SANTA FE – Gov. Susana Martinez signed off on a $6.2 billion state budget Tuesday, but used her line-item veto power to delete salary increases for New Mexico judges, district attorneys and political appointees.
In all, the Republican governor axed more than $27 million in spending proposed by the Legislature, but left intact salary increases for rank-and-file state workers and teachers of about 3 percent – their largest since 2008.
State Police officers and new starting teachers are among those in line for even larger pay hikes, while higher education workers will get a 1.5 percent salary bump.
“I’m proud that our budget invests targeted dollars where we need them most – to support our teachers, help struggling students, improve parental engagement, lift up low-performing schools and create jobs and diversity in our economy,” Martinez said during a ceremonial bill signing at a Rio Rancho elementary school.
She cited money for health care workforce initiatives and K-12 school programs as highlights of the annual spending plan, which takes effect July 1.
However, a leading Democratic lawmaker criticized Martinez’s line-item vetoes, which amounted to nearly 10 percent of the more than $270 million in proposed new spending.
“It’s disappointing to me to see the erratic action she’s taking on the budget,” said Rep. Luciano “Lucky” Varela, D-Santa Fe, the chairman of the Legislative Finance Committee.
While Varela said he was glad Martinez left the pay increases for state employees and teachers intact, he said the spending eliminated by the governor could have helped New Mexicans and boosted the state’s economy.
Specifically, he said $15 million earmarked for schools with at-risk students could have been used to expand a school breakfast program. Martinez vetoed the expenditure, saying the money won’t be needed until changes to the state’s funding formula take effect in 2016.
As for the judicial pay raises, Arthur Pepin, director of the state Administrative Office of the Courts, said he was disappointed the governor line-item vetoed a proposal to increase judge’s salaries by 8 percent.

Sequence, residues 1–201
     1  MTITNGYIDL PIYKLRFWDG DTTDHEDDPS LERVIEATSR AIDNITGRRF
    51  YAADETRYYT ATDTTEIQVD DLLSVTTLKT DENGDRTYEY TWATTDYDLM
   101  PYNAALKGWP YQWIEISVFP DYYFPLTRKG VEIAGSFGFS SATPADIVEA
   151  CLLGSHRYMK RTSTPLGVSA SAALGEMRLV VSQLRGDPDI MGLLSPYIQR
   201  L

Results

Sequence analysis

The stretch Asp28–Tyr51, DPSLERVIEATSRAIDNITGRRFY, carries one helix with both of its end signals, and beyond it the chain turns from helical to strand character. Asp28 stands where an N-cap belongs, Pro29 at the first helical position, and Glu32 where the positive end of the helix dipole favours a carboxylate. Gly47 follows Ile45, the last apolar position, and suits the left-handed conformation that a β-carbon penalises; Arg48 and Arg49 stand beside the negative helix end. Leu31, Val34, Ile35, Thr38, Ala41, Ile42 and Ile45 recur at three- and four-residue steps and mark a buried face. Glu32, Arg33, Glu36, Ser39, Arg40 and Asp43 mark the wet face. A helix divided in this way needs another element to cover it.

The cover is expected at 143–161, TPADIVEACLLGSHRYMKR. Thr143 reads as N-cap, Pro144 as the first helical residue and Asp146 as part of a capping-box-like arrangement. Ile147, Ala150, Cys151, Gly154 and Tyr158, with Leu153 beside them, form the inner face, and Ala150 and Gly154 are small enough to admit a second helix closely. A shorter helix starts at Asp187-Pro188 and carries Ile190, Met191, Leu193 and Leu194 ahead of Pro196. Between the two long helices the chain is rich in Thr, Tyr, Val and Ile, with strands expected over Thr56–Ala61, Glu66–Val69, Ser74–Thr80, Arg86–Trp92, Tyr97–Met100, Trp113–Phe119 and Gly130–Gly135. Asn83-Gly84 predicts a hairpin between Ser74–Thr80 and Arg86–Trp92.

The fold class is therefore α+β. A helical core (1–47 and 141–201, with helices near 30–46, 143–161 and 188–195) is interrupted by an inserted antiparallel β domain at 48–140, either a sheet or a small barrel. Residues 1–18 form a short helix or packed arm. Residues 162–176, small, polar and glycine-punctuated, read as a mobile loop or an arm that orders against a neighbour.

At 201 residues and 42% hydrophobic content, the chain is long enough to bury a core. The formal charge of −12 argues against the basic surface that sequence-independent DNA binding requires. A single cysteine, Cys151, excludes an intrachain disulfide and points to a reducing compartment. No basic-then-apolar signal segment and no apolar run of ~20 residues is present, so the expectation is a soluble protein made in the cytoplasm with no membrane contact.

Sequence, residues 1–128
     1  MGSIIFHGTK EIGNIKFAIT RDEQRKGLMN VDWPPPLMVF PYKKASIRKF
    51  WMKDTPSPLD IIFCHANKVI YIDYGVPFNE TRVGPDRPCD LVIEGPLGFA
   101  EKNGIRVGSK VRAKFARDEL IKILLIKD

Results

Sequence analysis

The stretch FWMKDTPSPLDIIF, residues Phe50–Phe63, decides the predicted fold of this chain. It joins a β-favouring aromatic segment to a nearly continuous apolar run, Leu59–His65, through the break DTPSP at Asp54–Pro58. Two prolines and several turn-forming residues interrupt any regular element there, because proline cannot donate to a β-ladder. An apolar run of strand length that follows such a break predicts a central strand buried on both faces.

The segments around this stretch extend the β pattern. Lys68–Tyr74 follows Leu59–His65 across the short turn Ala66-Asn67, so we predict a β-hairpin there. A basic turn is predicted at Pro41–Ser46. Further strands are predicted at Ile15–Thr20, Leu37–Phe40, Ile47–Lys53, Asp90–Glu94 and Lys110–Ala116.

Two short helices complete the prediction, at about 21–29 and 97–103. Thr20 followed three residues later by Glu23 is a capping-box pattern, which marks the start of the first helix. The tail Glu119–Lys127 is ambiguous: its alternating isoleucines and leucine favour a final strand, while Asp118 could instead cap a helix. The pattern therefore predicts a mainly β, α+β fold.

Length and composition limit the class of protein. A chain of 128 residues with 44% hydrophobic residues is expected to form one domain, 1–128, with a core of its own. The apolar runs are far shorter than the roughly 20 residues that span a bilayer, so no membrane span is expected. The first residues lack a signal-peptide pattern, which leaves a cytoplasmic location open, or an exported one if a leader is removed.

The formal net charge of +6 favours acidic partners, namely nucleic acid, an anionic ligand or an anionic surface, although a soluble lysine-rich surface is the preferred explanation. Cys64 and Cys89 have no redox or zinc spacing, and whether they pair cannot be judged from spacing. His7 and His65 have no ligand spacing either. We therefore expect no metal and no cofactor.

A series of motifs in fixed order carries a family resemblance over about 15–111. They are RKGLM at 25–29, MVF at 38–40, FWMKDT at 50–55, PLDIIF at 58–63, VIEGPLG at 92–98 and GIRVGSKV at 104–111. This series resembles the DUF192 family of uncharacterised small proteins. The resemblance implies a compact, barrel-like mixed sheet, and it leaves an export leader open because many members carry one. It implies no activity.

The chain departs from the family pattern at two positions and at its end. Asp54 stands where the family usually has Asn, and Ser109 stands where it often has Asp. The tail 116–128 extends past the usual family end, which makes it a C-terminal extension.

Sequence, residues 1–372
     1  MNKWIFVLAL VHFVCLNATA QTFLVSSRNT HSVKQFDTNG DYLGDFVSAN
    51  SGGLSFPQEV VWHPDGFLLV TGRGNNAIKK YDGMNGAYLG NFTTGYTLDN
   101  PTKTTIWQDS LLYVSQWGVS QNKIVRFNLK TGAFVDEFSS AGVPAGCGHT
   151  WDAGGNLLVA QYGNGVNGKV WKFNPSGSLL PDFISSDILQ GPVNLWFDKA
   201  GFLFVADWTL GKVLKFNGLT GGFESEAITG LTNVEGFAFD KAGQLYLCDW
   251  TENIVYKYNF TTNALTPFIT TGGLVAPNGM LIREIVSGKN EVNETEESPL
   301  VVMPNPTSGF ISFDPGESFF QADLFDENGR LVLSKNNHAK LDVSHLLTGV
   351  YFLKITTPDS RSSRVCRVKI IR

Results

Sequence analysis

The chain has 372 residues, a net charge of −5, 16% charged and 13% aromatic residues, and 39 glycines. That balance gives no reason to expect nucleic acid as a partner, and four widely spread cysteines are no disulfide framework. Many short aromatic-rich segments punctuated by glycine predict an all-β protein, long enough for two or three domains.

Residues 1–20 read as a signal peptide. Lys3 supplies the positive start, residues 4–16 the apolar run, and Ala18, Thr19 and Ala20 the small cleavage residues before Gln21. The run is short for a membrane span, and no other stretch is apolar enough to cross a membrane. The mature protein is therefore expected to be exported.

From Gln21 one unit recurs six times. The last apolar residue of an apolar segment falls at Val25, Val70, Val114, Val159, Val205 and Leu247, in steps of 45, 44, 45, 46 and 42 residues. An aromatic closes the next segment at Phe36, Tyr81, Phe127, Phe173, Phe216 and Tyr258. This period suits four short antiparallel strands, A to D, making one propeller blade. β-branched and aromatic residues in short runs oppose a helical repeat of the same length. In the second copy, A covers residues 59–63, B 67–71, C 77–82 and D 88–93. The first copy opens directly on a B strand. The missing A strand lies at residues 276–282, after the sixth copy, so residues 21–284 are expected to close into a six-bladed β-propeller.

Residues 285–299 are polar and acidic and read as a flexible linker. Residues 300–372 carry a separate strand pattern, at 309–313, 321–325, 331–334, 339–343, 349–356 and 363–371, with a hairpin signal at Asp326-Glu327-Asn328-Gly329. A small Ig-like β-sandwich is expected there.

“We think it was an appropriate increase for judges that are paid the lowest in the country,” Pepin said, referring to the fact that New Mexico’s 90 district court judges – who are paid about $112,000 annually – lag behind other states in terms of pay.
Martinez, who also vetoed $350,000 for new vehicles for district and magistrate courts statewide, said in her executive message she could not support pay hikes for judges that would have been nearly three times larger, by percentage, than those that teachers will get.
“Though I would have supported a more modest 3 percent increase in pay for judges that would have put them on par with other pay raises in the budget, I cannot support the dramatic 8 percent raise requested in the budget,” Martinez wrote.
The governor last week signed a solvency fix for the cash-strapped judicial retirement system in which both judges and the state contribute an additional 3 percent of a judge’s salaries. She is expected to sign legislation today creating five new judgeships around the state.
Despite the rejection of the salary increases for judges, secretaries and other judicial branch workers will get a 3 percent pay hike. Those increases will be part of an overall budget increase for the judicial branch of roughly 6.7 percent – from $209 million this year to $223 million in the coming year – under the bill signed by Martinez.
That money also could be used to offset the increased contributions by judges to their pension fund, as called for in the solvency fix legislation.
In its final version, the budget for the coming fiscal year will increase state spending by about $252 million – or 4.3 percent – from this year’s level, with public education spending making up more than half of that amount.
Other line-item vetoes included:
• $4 million for a higher education endowment fund. Lawmakers did not pass legislation this year sought by Martinez that would have overhauled the fund.
• $250,000 for a study on the feasibility of the state acquiring land under the ownership of the federal Bureau of Land Management.
• Budget language restricting how certain funding is spent by executive branch agencies and requiring them to file reports with the Legislature.
• Increases in the minimum starting salary for Level 2 and Level 3 teachers. Martinez did sign off on increasing the minimum salary of Level 1, or beginning teachers, from $30,000 to $32,000.
Meanwhile, the governor also endorsed a $228 million package of public works projects Tuesday, which includes $89 million for dams, drinking systems and other water projects.
Martinez used her line-item veto authority to strike down $2.6 million worth of proposed projects, including $125,000 for new Rio Arriba County sheriff’s department vehicles and $70,000 for a telephone system in the Albuquerque-based 2nd Judicial District Court.
Most of the projects in the public works package will be paid for by bonds backed by future state severance tax dollars.
Today is the last day for the governor to sign legislation approved during the final days of this year’s session.